"Dr Weast’s recent trip to Northern Ireland was funded and organised by the Regional Training Unit (RTU), which has responsibility for leadership training across our system and which has an ongoing relationship with MCPS. Over the course of the week, Dr Weast had discussions with local educationalists, political representatives and journalists."
“No further trips are planned at this time.”

In the meantime, MCPS has its own issues to deal with, mostly in Weast's absence.

Gazette: Audits reveal loose spending practices in high schools

The Gazette's Marcus Moore reports on Audits obtained this year by the Parents' Coalition of Montgomery County, Maryland:
A series of recently released audits shows questionable spending practices at some county high schools, even though school system officials raised a red flag on some of the same issues last year...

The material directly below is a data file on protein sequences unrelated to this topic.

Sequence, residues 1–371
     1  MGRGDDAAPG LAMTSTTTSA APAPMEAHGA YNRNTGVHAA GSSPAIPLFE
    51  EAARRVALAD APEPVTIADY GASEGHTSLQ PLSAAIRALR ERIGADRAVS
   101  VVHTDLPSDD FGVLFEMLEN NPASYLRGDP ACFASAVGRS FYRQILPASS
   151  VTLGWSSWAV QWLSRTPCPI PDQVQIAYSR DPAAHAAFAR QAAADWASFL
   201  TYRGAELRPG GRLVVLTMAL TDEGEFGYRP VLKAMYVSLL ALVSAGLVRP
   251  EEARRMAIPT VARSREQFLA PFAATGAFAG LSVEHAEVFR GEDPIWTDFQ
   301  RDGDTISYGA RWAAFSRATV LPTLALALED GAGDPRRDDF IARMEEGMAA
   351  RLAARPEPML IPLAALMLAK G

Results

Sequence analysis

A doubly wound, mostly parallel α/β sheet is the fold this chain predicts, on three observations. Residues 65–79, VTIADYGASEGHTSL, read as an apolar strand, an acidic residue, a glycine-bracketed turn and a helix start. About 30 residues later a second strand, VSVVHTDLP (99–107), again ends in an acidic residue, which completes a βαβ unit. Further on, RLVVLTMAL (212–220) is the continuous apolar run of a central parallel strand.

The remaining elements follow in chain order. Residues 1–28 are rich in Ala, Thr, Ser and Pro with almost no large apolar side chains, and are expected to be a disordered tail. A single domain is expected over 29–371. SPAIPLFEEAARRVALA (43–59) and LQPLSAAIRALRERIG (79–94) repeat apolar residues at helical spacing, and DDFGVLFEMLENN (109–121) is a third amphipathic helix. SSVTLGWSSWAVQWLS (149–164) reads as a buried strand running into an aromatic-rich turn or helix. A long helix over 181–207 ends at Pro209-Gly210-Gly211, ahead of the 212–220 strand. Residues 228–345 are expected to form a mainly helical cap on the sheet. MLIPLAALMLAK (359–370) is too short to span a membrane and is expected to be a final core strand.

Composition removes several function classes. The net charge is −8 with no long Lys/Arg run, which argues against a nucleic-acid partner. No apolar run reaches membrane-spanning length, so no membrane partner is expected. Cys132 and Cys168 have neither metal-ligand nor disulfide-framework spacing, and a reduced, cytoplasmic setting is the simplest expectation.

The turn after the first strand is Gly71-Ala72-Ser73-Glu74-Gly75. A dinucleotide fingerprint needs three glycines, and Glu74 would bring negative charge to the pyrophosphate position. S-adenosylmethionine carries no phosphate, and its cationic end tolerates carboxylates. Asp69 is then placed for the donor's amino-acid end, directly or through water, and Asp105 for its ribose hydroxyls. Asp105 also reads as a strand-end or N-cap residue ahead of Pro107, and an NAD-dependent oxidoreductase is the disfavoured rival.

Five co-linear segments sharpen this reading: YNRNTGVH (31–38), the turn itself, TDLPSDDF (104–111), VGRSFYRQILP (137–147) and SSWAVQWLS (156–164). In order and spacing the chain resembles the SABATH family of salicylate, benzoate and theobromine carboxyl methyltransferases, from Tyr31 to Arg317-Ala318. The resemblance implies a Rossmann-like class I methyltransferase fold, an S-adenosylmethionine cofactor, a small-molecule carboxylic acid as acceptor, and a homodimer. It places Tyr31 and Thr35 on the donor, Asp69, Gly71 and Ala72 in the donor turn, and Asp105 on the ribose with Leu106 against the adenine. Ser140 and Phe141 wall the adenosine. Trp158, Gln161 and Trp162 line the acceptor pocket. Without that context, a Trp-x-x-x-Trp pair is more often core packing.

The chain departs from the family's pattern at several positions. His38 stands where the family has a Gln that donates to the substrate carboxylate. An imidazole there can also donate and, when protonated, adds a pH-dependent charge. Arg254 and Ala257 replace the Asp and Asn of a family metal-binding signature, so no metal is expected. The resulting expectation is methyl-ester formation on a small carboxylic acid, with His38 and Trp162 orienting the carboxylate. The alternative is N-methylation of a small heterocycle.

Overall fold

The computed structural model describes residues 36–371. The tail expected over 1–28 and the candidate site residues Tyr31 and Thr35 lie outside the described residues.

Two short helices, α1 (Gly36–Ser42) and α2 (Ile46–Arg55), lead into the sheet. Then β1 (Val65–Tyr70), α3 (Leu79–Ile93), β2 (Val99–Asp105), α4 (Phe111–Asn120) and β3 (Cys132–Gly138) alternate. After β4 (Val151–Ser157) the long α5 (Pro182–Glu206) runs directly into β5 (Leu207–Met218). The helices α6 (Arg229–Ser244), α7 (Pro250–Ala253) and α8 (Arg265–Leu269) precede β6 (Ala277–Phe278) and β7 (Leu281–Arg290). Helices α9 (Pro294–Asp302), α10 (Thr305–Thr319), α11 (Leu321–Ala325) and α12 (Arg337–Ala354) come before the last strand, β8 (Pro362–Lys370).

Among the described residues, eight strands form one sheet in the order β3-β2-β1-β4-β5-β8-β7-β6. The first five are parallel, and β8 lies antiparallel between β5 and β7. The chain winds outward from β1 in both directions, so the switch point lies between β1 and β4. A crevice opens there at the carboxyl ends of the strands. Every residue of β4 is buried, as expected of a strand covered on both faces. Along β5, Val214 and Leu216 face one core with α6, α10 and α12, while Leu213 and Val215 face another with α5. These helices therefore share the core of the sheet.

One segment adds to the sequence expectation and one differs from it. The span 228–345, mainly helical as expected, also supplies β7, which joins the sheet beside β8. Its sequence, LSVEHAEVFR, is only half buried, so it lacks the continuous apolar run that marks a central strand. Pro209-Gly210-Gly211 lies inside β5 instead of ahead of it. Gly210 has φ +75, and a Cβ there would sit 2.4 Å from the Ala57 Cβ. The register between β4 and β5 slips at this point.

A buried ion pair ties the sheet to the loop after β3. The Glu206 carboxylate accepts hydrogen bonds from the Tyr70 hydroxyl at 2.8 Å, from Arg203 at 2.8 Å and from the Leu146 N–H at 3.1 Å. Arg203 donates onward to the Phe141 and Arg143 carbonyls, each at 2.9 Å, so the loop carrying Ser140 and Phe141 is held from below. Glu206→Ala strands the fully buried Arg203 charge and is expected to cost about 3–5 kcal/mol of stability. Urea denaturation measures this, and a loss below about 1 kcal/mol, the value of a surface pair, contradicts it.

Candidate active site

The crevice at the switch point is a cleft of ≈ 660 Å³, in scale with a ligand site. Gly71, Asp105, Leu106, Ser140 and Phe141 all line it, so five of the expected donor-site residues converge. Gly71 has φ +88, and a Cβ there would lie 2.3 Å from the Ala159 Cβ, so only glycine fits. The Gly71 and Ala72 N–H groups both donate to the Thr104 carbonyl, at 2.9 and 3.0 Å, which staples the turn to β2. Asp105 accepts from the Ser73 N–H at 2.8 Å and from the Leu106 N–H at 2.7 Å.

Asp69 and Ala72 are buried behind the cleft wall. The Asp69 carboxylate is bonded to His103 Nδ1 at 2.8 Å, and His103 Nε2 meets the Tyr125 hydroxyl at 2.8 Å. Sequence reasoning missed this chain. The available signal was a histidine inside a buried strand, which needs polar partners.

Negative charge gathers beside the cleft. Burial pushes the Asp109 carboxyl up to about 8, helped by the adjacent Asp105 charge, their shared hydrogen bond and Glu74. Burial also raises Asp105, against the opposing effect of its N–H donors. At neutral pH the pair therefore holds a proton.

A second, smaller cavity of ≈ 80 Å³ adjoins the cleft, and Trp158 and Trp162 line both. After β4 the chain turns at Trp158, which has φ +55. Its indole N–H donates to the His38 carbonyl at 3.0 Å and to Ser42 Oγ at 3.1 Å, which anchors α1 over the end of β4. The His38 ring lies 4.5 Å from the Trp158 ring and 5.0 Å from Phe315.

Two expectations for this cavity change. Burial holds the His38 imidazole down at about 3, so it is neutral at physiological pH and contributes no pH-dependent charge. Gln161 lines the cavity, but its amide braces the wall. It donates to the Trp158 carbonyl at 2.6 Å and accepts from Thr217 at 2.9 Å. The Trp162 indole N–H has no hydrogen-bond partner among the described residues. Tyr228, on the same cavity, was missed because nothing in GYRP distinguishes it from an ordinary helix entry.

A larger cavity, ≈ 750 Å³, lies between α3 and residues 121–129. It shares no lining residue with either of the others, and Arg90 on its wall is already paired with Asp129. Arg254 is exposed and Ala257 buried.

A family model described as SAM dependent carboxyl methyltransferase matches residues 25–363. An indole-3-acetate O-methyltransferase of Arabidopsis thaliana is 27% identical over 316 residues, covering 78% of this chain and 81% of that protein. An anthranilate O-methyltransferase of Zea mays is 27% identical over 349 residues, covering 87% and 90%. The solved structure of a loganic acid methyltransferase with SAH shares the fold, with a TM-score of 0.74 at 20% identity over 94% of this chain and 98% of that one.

In some cases, the money earned through school-sponsored activities was not turned in to the schools' financial offices soon enough, thereby increasing the risk of loss or misuse. In other cases, funds were spent without the principals' approval.

In all cases at the respective schools, the money was taken from Independent Activity Funds, which are collected from classroom fees, event ticket sales and fundraisers. School system policy says that unless otherwise designated, the funds belong to the student body and may not be used to benefit staff or particular student groups...

At Walt Whitman High School, auditors noticed that the school's checking account was overdrawn four times, in part because of delays in recording receipts, according to the audit.